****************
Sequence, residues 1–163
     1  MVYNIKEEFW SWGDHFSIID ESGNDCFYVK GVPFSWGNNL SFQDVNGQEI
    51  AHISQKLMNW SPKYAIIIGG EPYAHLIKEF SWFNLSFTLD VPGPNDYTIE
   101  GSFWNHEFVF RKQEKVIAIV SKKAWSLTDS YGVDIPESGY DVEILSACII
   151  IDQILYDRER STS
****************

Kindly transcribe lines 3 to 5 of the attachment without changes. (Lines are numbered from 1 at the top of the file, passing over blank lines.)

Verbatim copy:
    51  AHISQKLMNW SPKYAIIIGG EPYAHLIKEF SWFNLSFTLD VPGPNDYTIE
   101  GSFWNHEFVF RKQEKVIAIV SKKAWSLTDS YGVDIPESGY DVEILSACII
   151  IDQILYDRER STS